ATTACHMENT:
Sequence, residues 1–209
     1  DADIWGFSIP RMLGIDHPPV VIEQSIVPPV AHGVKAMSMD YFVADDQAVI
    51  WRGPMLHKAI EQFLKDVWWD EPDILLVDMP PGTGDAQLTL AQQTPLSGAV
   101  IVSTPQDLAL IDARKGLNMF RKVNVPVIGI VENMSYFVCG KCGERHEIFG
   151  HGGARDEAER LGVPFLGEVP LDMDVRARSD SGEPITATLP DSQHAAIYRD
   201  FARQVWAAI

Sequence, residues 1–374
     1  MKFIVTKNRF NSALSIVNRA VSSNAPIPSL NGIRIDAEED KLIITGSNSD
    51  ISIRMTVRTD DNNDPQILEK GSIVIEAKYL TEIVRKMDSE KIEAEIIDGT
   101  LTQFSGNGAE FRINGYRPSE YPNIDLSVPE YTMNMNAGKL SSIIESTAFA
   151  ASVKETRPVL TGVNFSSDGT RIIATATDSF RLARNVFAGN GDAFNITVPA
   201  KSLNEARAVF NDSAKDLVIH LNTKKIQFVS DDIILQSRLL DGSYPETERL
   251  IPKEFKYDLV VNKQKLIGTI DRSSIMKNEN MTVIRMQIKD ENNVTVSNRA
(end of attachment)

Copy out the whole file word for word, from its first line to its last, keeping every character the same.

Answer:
Sequence, residues 1–209
     1  DADIWGFSIP RMLGIDHPPV VIEQSIVPPV AHGVKAMSMD YFVADDQAVI
    51  WRGPMLHKAI EQFLKDVWWD EPDILLVDMP PGTGDAQLTL AQQTPLSGAV
   101  IVSTPQDLAL IDARKGLNMF RKVNVPVIGI VENMSYFVCG KCGERHEIFG
   151  HGGARDEAER LGVPFLGEVP LDMDVRARSD SGEPITATLP DSQHAAIYRD
   201  FARQVWAAI

Sequence, residues 1–374
     1  MKFIVTKNRF NSALSIVNRA VSSNAPIPSL NGIRIDAEED KLIITGSNSD
    51  ISIRMTVRTD DNNDPQILEK GSIVIEAKYL TEIVRKMDSE KIEAEIIDGT
   101  LTQFSGNGAE FRINGYRPSE YPNIDLSVPE YTMNMNAGKL SSIIESTAFA
   151  ASVKETRPVL TGVNFSSDGT RIIATATDSF RLARNVFAGN GDAFNITVPA
   201  KSLNEARAVF NDSAKDLVIH LNTKKIQFVS DDIILQSRLL DGSYPETERL
   251  IPKEFKYDLV VNKQKLIGTI DRSSIMKNEN MTVIRMQIKD ENNVTVSNRA